Symmetry is beautiful. That’s how most of us see it. Symmetry leads to a sense of harmony and pleasing aesthetics. Symmetry is also often associated with being formal and static and even a little boring. Asymmetry, on the other hand, while lacking in inherent beauty is often seen as more interesting, more dynamic.
If symmetry is beautiful, yet sometimes static and boring and asymmetry is dynamic and interesting without the benefit of being beautiful by default, which should we use in design? Is one preferred over the other or do both need to work together to create successful designs?
What is Symmetry?
Real objects are almost never perfectly symmetrical, yet nature seems to evolve toward symmetry. Gravity likely plays an important role in natural symmetry and it’s perhaps this natural evolution behind our seeing symmetry as beautiful.
There are 3 types of symmetry.
Reflection symmetry ( bilateral symmetry ) is mirroring an element around a central axis. The axis can be in any direction or orientation as long as what’s on one side of the central axis is mirrored or reflected on the other. Natural forms that grow or move across the earth’s surface develop a reflective symmetry. Examples include butterflies and the human face.
Rotation symmetry ( radial ) is the rotation of elements around a common center. Like reflection symmetry it can occur at any angle or frequency as long as there’s a common center around which to rotate. Natural forms that grow or move perpendicular to the earth’s surface develop rotational symmetry. An example would be a the petals of a sunflower.
Rotational symmetry without reflection symmetry is sometimes used in design to portray motion, speed, and dynamic action.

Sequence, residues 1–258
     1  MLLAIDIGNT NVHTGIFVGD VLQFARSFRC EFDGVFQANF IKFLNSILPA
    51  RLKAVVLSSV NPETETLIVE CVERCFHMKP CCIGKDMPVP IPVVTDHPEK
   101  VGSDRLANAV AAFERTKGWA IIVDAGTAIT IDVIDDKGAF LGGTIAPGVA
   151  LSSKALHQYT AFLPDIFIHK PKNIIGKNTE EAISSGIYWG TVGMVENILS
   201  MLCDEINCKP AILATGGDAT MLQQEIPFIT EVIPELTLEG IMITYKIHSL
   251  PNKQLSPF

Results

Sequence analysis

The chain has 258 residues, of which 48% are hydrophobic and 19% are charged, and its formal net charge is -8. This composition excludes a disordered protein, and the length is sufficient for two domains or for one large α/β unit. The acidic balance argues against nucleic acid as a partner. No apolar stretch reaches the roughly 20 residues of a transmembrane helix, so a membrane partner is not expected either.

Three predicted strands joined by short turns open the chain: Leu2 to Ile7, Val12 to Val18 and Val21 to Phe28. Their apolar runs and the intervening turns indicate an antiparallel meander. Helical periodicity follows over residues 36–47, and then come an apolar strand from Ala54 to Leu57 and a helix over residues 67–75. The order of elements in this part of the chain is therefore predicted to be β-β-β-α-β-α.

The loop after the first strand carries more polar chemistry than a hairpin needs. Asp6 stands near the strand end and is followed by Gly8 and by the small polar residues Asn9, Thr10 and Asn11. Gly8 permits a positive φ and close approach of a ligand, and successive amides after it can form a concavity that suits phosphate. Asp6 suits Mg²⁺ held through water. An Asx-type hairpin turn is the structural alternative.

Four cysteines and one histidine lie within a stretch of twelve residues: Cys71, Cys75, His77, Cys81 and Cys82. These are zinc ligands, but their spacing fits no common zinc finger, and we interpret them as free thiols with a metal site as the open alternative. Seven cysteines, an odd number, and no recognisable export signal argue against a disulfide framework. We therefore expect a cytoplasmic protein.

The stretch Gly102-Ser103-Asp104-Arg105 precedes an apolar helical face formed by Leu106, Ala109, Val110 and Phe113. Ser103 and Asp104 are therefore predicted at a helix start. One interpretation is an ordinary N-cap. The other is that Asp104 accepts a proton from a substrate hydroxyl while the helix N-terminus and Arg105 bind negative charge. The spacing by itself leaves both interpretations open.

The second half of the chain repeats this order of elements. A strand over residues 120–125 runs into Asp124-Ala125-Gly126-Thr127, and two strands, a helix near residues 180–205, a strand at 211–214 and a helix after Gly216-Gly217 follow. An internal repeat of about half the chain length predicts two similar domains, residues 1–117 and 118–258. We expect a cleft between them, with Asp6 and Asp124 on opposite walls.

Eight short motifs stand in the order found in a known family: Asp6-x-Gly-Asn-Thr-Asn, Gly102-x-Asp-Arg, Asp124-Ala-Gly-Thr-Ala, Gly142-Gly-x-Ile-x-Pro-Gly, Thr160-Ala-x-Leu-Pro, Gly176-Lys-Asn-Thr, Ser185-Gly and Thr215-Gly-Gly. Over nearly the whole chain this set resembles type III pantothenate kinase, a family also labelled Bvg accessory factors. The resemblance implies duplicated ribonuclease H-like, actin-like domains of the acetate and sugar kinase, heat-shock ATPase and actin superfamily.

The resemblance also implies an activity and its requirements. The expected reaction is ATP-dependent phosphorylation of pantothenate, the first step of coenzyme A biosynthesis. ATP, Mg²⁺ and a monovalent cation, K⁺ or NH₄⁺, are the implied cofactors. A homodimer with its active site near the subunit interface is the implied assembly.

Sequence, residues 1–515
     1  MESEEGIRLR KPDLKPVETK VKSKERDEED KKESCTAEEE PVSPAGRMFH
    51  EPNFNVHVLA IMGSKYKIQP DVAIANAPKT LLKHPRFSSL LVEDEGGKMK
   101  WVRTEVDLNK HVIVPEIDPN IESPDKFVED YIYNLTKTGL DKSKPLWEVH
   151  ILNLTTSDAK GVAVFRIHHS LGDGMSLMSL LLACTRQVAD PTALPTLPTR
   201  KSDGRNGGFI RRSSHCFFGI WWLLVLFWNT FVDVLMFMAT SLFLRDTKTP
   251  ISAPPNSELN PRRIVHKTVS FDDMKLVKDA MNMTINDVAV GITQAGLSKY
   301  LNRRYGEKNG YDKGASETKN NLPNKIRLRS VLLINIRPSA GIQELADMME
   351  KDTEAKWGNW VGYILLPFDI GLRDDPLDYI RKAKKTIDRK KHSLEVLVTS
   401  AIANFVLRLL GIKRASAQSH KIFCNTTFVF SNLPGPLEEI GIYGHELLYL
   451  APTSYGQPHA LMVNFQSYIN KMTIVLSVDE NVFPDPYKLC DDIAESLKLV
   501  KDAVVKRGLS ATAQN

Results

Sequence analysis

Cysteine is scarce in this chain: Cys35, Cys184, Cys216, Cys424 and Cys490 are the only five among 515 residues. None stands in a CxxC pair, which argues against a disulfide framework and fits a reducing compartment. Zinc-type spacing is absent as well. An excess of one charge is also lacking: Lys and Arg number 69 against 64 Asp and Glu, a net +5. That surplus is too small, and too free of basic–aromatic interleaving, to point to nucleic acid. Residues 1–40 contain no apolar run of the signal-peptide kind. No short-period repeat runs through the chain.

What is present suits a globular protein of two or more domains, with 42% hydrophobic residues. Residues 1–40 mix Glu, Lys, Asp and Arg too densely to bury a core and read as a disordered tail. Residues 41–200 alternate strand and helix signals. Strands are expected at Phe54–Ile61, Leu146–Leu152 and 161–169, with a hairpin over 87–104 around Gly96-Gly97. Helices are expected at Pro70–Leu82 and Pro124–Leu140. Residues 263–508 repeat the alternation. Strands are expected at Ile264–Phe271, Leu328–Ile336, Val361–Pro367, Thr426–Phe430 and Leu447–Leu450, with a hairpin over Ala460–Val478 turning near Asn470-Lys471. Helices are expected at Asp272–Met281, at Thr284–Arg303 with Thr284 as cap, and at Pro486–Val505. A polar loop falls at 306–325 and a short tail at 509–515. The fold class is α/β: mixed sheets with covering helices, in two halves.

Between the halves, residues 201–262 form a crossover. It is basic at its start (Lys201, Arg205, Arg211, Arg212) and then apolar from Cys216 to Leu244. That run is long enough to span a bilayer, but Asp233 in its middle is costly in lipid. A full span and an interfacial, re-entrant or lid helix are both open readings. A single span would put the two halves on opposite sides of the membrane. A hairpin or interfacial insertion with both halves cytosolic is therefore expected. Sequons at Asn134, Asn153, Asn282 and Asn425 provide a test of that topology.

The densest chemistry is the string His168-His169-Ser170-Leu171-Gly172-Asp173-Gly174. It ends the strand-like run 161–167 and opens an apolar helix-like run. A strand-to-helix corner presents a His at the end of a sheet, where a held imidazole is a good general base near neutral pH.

Translation symmetry ( crystallographic symmetry ) is the location of elements in different areas of space. Again it can occur in any direction or at any distance as long as the basic orientation of the element is maintained. Natural forms develop translation symmetry through reproduction.
Translation symmetry can create rhythm in designs and is used to show motion, speed, and dynamic action. It can also be used to create background patterns which can be static and passive.
In addition to their perceived beauty symmetrical forms are usually seen as figure over ground. They receive more attention and are recalled easier because they are simpler than asymmetric forms. Symmetry conveys balance, harmony, unity, stability, consistency, elegance, and classicism.
The downside to symmetry is that it can be static and formal and often uninteresting. Symmetry creates passive space and can be too stable, too balanced, to harmonious, and too unified.
What is Asymmetry?
Asymmetry is also fairly common in natural forms. You’re likely either right-handed or left-handed. Fiddler crabs have one big claw and one small claw. Dolphins have a smaller left lung to make rom for an asymmetrical heart. Rivers meander, trees grow in different directions, clouds take on random shapes.
Perhaps due to the more complex relationships in asymmetrical forms we tend to find them more interesting and dynamic. Asymmetry creates visual tension and prevents objects from appearing static and superficial.
There is more variety in asymmetrical forms which also leads to their being more interesting and more difficult to pull off in design. Asymmetry evokes modernism, forcefulness, and feelings of vitality and movement.
Asymmetry creates active space and leads to unpredictable patterns and greater freedom of expression. Active whitespace is one of the main aspects of a page perceived to be well-designed.
The downside of asymmetry is that the complex relationships and variety can tire the eye and sometimes lead to confusion.
Combining Symmetry and Asymmetry in Design
Earlier I asked which is preferred in design, symmetry or asymmetry. Like most things design the answer is it depends. It depends on what you’re trying to communicate. If your message is one of formality and elegance as in a wedding invitation then symmetry makes sense. If on the other hand you’re creating a design for a growing high tech company then the dynamic nature of asymmetry is likely preferred.